Commentary on a Commentary

I recently received volume 3 (Kings, Chronicles, Ezra, Nehemiah and Esther) of the newly released Zondervan Illustrated Bible Backgrounds Commentary of the Old Testament (ZIBBCOT) to review. The volume was shipped to me for free from Zondervan and I want to assure you that that fact will not in any way impact my review. Nor will the crumpled $20s used to package the book. Or the MacBook Pro used as padding. Or the Lexus it was “boxed” in. I’m not that easily bought! But I felt it necessary to disclose that I did receive it for free. 1Okay, it was really just in a cardboard box but a man can dream.

Short attention span review: This is a cool, useful commentary.

The Details: The set consists of large, hardback books that lay (and stay) opened on your desk the way you wish all of your commentaries did. The pages are glossy and thick so they can support the massive amount of pictures that are littered across every page.

What I like most is right there in the title of the book: “commentary”. This set is laid out like a commentary not an illustrated dictionary and so it exists in a kind of half way land between the two types of reference works. That is, it isn’t just organized by book, the chapters follow the Biblical text and provide helpful information organized by chapter and tied to specific verses. There is ample cross referencing so you’re not paying for them to cut and past repeated information and there is enough data there to make it useful.

From my foray into Nehemiah (I’m going to teach it in a few weeks) I’ve found that it isn’t as dense and academic as a typical commentary but is still helpful. The pictures help take the reader into the world being described in a way that traditional commentaries can’t. At the same time the text, more often than not, addressed the questions I had about that verse; at least to one degree or another.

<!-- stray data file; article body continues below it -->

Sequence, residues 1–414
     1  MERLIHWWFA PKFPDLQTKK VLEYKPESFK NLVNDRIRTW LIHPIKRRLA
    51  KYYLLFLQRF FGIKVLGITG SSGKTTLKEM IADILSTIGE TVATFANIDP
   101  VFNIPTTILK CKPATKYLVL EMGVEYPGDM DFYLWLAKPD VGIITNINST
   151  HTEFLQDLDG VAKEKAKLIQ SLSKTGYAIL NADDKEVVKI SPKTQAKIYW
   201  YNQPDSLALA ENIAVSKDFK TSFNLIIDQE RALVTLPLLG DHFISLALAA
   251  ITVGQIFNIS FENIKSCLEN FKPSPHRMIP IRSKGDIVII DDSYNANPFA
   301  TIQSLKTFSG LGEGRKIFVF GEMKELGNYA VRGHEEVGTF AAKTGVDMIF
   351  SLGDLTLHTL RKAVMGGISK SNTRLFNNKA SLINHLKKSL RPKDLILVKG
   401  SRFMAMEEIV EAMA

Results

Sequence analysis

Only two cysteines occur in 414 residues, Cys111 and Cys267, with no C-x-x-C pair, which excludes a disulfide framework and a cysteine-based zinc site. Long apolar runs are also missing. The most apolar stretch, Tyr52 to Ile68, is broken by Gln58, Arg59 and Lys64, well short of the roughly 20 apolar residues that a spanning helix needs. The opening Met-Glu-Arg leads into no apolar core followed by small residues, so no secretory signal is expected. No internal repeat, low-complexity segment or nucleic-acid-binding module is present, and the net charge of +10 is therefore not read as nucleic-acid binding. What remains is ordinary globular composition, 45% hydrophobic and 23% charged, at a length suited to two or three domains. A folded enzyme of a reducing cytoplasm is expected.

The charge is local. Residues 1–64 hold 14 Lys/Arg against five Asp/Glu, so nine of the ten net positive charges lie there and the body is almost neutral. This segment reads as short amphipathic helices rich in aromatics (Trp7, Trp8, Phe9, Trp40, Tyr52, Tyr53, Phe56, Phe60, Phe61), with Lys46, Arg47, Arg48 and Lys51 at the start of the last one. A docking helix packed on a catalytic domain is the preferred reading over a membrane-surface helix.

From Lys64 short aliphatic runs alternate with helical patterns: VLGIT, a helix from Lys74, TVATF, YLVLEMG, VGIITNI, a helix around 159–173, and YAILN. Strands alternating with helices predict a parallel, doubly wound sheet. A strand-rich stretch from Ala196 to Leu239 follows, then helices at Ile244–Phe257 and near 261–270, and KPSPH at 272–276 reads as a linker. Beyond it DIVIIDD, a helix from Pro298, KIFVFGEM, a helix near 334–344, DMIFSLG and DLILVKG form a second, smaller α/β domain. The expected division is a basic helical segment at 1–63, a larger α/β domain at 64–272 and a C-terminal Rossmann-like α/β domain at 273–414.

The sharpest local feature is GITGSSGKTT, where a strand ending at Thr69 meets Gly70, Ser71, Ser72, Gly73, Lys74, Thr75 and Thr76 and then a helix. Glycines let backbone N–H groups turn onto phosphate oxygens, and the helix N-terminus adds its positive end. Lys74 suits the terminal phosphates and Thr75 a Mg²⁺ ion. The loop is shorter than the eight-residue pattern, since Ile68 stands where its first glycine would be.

I do have one complaint. The only index in the volume is for the pictures. I can’t think of when I might need to use it. A topical index would be helpful and it is not there. That kind of limits the usefulness of the volume to only a commentary. The addition of a healthy index would have allowed the book to function as a bit of an illustrated dictionary also.

Summary: I don’t think you could use the ZIBBCOT as a sole source for work in a Biblical book, but I don’t believe that was Zondervan’s plan. This set would make a good supplement to a commentary, filling in some fresh air where some of the atmosphere in commentaries can get a bit stale. I look forward to leaning on this volume in my upcoming teaching.

1 Okay, it was really just in a cardboard box but a man can dream.
Print This Post Print This Post

One Comment

  • That one complaint is probably going to cost you the Lexus.

Join the Discussion

You may use these HTML tags and attributes: <a href="" title=""> <abbr title=""> <acronym title=""> <b> <blockquote cite=""> <cite> <code> <del datetime=""> <em> <i> <q cite=""> <s> <strike> <strong>